Portland, Oregon is known as The Rose City and it was in full bloom for my first visit to this progressive Pacific Northwest port named after Portland, Maine but having grown to almost 5-times the population of its namesake.

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Portland, Oregon is a city without centuries of history but what history it does have is very colourful as in the late 1880’s was considered one of the most dangerous ports in the world because of it’s illegal activities such as gambling rackets and prostitution as well as a thriving business in kidnapping unsuspecting citizens who were forced to labour as sailors, a term that came to be known as Shanghaiing.

By the early 20th century Portland shed its rough and tumble frontier town reputation and after a boom during WWII move in a progressive direction by the 1970’s to become today a leader in environmental consciousness because of its extensive public transportation network, large bicycling community and walkable city center.

My first visit coincided with the 111th edition of the Portland Rose Festival which included the Grand Floral Parade through the city center complete with floats and marching bands.

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As part of the Rose Festival warships are docked during Fleet Week encouraging visitors to tour the vessels and appreciate those who served in the forces.  I toured the USS Michael Murphy, a destroyer named for Medal of Honor recipient Michael P. Murphy who was killed in action in Afghanistan and was  the first U.S. Navy member to earn the award since the Vietnam War.

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photo by author

We entered through the read deck which serves as a helicopter landing pad and toured forward to the gun deck which was festooned with communication flags.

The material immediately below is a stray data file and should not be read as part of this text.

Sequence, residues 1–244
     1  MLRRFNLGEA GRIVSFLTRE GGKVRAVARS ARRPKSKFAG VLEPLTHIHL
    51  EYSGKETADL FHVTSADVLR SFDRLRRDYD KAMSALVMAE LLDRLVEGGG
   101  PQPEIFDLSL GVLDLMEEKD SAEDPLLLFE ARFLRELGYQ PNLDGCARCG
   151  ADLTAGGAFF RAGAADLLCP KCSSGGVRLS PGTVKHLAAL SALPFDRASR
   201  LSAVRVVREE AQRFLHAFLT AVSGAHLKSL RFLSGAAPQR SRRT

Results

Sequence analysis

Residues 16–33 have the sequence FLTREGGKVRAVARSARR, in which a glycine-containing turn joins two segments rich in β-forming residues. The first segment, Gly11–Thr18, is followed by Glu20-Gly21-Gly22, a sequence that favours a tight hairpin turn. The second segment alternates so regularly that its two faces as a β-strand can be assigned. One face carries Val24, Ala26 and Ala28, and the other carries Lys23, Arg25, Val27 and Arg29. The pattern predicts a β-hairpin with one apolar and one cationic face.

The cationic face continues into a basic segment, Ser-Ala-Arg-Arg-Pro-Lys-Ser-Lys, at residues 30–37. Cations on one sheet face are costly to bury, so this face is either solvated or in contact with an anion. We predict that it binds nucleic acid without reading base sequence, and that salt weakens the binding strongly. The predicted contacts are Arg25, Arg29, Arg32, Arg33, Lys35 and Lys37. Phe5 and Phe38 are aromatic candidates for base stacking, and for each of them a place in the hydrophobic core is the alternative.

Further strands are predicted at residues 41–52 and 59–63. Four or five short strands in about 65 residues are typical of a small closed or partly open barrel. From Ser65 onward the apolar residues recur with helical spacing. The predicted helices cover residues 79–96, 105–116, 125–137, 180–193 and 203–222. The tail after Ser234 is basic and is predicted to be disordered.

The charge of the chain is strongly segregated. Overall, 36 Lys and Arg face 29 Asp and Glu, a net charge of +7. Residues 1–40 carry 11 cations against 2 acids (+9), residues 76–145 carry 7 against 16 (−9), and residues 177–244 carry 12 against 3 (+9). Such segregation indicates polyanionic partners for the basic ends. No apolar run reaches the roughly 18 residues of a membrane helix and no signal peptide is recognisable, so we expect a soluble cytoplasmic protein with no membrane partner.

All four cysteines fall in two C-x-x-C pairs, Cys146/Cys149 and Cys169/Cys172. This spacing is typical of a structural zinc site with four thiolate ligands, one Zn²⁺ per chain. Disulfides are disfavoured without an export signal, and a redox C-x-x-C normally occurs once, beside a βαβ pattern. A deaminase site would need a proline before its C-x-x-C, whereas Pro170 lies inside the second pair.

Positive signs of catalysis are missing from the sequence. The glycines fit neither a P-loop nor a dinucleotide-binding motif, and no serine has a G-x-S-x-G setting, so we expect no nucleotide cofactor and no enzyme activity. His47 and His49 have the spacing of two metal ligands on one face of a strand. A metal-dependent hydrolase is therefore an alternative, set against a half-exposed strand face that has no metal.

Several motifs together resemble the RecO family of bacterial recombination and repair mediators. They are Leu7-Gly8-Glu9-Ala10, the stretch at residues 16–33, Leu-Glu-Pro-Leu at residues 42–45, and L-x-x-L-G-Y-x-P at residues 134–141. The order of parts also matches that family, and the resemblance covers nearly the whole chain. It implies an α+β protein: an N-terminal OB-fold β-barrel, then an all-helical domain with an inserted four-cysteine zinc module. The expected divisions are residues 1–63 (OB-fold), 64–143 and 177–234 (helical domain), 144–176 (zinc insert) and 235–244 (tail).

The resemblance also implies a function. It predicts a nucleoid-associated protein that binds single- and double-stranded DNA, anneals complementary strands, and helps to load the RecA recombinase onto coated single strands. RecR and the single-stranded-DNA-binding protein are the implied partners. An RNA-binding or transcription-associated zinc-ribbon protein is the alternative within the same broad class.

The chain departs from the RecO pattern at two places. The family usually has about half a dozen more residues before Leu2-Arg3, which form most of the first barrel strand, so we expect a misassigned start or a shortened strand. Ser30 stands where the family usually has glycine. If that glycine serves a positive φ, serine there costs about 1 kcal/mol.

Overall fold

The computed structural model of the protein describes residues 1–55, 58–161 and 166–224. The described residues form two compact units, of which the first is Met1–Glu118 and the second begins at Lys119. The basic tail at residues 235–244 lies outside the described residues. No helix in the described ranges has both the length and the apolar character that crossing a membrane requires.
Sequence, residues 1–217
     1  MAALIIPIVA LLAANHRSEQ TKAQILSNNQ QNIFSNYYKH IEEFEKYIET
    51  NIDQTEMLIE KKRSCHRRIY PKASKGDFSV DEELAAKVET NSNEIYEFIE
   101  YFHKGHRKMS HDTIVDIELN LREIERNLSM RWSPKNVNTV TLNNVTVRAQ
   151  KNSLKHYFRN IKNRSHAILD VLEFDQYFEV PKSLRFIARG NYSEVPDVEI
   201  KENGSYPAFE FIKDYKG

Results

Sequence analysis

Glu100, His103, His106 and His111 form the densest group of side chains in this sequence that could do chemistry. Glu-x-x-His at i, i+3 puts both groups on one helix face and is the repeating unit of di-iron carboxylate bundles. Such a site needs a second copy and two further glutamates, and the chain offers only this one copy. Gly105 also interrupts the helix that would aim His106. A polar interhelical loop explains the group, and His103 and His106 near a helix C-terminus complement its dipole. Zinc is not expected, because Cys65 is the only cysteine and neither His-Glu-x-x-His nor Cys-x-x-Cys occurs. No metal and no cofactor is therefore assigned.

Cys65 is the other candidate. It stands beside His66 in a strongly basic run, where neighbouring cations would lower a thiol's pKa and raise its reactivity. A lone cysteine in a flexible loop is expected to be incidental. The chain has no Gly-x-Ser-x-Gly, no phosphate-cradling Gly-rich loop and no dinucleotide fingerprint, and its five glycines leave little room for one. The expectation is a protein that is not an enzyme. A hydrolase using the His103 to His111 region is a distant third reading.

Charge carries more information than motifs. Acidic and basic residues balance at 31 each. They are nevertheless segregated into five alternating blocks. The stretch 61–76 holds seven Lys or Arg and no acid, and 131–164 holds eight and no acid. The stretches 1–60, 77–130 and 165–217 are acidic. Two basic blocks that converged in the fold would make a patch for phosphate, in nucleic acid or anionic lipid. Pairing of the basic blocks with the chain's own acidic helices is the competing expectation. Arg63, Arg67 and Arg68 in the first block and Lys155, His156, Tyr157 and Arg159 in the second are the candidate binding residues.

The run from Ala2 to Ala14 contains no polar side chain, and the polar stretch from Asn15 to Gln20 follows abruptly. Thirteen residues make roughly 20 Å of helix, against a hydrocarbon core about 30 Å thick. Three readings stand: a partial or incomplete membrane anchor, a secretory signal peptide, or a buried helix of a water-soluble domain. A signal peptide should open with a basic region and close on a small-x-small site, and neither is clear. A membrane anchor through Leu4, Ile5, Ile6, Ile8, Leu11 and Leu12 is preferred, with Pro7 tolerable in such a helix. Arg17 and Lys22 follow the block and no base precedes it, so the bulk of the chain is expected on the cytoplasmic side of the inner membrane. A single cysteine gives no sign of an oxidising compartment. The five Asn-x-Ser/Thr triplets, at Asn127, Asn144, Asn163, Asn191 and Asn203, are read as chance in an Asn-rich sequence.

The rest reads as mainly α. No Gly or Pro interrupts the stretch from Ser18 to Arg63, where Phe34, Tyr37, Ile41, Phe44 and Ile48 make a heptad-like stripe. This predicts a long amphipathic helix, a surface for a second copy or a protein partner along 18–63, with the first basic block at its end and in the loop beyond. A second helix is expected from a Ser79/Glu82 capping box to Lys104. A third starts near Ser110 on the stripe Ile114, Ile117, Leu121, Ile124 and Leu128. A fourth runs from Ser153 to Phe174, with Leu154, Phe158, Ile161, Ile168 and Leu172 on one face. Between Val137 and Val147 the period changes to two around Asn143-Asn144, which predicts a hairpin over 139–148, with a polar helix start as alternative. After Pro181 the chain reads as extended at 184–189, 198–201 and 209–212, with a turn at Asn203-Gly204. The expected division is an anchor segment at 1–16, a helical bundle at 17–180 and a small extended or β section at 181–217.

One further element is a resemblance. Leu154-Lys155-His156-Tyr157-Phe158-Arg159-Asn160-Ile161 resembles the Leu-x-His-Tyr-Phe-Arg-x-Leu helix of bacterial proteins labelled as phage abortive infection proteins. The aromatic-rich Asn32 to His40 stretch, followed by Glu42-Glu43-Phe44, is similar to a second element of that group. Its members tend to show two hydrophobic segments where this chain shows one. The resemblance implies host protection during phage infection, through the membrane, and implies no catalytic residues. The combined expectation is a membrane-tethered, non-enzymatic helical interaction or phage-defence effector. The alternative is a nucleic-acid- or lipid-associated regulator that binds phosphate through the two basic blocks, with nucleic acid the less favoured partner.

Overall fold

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Also docked although not open to even this Canadian was Canadian Navy frigate HMCS Regina and coastal defense vessel HMCS Nanimo.

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photo by author

The Portland Aerial Tram carries commuters between the city’s South Waterfront district and the main Oregon Health & Science University (OHSU) campus and is only one of two commuter aerial tramways in the United States, the other being New York City’s Roosevelt Island Tramway. The tram travels a horizontal distance of 1,000 m and a vertical distance of 52 m in a ride that lasts only three minutes.

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The Lan Su Chinese Garden is a walled Chinese garden that takes up a square city block in the  Old Town/Chinatown section of the city and is modeled after famous classical garden in Suzhou, a twin city of Portland.

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While 90% of the plants featured in the garden are indigenous to China none could be imported due to import bans so what has been grown are those that could be found in gardens and nurseries around Oregon.

The Portland Saturday Market was founded in 1973 as a three-way beneficial deal as artists would have an economic outlet for their work, customers would gain better access to locally produced items, and the city would have a new attraction to draw customers into the downtown area. Since it’s creation 45 years ago the market, which has expanded to Sundays, has become the largest continuously operating open-air arts and crafts market in the United States.

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There are number of food vendors at the Saturday Market and enough places out of the rain with which to down the food truck cuisine. Given this is a beer city there are also licensed vendors including Rogue Ales & Spirits.

Keep Portland Weird” is a city slogan borrowed from Austin, Texas aimed at promoting individuality, expressionism, local art, as well as atypical lifestyle choices and leisure activities and that edgy and eccentric vibe is evident in events such the Saturday Market.

Portland is a perfect city for a weekend Summer escape and check out the city’s tourism events calendar for upcoming  festivals, activities and events.